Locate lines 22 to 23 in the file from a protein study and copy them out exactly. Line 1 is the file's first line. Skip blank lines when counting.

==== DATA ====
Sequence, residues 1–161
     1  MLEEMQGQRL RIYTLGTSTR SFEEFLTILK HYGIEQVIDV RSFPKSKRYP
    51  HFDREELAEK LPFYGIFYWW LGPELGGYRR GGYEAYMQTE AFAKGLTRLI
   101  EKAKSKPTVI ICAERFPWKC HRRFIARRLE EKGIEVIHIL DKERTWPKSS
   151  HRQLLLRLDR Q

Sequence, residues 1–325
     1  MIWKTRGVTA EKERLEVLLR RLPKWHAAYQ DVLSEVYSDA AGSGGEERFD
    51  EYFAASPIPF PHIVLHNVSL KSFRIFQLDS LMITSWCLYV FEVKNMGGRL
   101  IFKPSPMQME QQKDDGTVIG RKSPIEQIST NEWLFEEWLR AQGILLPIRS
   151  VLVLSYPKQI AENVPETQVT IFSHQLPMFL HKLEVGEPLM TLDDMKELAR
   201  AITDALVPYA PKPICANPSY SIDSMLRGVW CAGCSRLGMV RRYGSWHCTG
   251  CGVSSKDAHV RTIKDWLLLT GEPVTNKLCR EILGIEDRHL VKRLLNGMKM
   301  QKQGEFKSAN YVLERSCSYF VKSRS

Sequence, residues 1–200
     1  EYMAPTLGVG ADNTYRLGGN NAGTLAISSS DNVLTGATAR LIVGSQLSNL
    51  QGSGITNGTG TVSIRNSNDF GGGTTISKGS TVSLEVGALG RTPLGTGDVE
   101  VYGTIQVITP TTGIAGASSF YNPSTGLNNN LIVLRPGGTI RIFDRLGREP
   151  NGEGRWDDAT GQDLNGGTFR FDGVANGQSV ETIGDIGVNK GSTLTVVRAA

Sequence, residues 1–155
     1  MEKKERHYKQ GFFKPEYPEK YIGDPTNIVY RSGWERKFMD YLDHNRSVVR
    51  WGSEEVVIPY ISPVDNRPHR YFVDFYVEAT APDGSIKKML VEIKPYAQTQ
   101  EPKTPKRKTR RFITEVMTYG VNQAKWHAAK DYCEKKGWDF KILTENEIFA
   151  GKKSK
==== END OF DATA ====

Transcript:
   101  EPKTPKRKTR RFITEVMTYG VNQAKWHAAK DYCEKKGWDF KILTENEIFA
   151  GKKSK